The uncertainty over the fate of embattled retailer Sears Holdings (SHLD) eased slightly Tuesday after a bankruptcy judge allowed hedge fund ESL Investments, owned by the department store’s chairman Edward Lampert, to go ahead with the plan to acquire the company.
The order came as a big relief for Sears, which has been on the verge of liquidation after all the efforts to salvage it failed. Last week, Lampert’s $4.4-billion offer to acquire the store chain suffered a setback after it faced resistance from the company’s management. Also, there has been no clarity on how he is going to fund the deal.
The crisis took a new turn this week after Sears failed to pay the bankruptcy expenses to its legal consultants, and the management decided to inform the court about its objection to Lampert’s offer.
The order came as a big relief for Sears, which has been on the verge of liquidation after all the efforts to salvage it failed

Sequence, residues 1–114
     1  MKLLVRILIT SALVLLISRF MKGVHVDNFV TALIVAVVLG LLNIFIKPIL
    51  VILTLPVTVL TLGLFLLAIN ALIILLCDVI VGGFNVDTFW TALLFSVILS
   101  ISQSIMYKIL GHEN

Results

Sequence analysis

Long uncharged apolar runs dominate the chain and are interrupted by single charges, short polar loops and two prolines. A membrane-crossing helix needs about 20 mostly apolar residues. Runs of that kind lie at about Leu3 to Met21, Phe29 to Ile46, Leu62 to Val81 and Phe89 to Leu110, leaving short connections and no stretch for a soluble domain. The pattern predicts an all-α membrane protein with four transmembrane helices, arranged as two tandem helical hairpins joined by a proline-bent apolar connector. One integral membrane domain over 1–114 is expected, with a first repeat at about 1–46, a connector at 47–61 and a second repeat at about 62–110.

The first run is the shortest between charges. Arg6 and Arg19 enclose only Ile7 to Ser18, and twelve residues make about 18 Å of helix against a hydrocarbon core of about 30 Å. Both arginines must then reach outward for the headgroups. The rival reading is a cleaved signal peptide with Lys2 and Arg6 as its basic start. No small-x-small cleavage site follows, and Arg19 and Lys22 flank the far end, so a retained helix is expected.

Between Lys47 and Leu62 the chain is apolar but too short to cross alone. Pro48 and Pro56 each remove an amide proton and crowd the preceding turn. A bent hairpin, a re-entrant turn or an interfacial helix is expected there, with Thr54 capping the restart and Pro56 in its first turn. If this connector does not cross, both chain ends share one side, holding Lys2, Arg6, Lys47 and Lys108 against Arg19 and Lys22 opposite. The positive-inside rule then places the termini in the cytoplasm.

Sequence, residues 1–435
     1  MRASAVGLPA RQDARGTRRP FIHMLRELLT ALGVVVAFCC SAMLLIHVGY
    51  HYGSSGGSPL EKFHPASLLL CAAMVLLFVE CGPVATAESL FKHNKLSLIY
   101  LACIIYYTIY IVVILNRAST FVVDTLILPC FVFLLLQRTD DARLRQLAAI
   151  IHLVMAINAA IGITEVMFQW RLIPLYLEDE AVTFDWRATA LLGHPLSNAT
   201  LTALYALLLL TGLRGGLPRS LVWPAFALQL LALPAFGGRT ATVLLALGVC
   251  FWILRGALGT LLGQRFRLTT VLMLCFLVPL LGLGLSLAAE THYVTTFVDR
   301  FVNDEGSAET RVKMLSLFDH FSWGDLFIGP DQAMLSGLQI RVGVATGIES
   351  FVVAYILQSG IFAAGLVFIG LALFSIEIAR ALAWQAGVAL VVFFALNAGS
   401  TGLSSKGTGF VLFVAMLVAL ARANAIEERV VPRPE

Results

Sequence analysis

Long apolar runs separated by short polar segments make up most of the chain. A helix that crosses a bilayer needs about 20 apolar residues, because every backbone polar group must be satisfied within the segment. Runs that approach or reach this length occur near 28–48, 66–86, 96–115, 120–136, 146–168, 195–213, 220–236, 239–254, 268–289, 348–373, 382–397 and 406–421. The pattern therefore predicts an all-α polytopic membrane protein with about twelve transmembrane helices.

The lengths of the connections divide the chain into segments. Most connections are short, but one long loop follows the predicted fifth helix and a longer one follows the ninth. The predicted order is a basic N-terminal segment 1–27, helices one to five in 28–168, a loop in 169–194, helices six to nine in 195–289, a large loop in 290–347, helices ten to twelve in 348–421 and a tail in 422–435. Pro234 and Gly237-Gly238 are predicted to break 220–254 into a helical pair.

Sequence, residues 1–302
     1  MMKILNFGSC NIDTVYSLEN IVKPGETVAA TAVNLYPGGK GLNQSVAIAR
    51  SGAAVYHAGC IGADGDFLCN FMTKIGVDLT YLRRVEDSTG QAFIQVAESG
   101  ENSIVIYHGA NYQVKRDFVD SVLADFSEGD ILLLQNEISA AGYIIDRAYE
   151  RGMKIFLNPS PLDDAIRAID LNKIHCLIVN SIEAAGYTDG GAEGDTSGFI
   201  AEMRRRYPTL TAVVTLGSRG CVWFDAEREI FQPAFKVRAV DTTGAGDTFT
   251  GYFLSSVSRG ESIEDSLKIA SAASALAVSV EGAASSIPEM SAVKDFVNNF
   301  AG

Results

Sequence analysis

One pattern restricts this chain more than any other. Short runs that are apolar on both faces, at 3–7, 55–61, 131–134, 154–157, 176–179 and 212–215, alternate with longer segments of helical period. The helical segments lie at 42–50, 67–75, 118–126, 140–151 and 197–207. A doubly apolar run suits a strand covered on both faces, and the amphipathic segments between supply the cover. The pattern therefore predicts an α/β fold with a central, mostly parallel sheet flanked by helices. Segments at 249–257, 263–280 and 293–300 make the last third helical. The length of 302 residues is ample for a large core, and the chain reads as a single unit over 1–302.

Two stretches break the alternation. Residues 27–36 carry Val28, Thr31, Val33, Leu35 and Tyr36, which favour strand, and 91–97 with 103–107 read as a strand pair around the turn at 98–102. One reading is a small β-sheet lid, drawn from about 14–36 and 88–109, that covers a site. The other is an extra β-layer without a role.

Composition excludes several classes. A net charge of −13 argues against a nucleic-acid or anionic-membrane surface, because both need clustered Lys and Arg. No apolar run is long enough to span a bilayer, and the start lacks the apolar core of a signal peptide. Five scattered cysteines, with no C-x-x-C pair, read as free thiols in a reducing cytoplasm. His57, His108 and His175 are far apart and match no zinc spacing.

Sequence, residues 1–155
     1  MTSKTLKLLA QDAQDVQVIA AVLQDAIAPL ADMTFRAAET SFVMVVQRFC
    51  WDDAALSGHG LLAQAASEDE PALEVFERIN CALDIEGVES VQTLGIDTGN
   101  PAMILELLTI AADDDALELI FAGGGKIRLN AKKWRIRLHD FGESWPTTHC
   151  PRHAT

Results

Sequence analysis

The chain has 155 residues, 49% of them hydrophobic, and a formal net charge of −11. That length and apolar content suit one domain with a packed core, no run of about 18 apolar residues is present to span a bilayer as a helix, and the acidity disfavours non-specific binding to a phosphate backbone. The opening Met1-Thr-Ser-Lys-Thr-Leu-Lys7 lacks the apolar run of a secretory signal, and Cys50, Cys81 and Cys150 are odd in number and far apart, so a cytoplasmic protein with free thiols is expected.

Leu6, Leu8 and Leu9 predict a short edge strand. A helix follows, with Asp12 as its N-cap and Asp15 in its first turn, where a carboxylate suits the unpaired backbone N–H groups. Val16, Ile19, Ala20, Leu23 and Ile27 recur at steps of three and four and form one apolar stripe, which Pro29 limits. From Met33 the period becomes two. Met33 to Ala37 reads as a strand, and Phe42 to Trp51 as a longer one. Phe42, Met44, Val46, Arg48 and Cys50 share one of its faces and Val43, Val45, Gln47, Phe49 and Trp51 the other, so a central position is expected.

As per the court’s directive, ESL has to deposit $120 million before Wednesday evening to avoid the liquidation process. The next step will be the auction, to be held early next week, at which ESL will compete with the other bidders, which will be followed by the final approval by the court by month-end.
The downfall of Sears is a classic example of how traditional American retailers are being crushed by the growing competition and the rapid adoption of e-commerce, an area dominated by Amazon (AMZN) and Walmart (WMT). Experts are of the view that more Sears stores will be closed soon, irrespective of the final outcome of Lampert’s acquisition bid.
Being unable to operate its remaining outlets, which once formed part of a huge store network, the company was forced to file for bankruptcy protection in October last year. Of late, the more-than-a-century-old retail store chain has been rapidly shrinking amid operational losses and mounting debt.
When Lampert came up with the initial offer of $4.6 billion in early December, it was seen as the last chance for Sears to survive. The offer also gives some hope to suppliers and lenders who are currently apprehensive about the future of the company.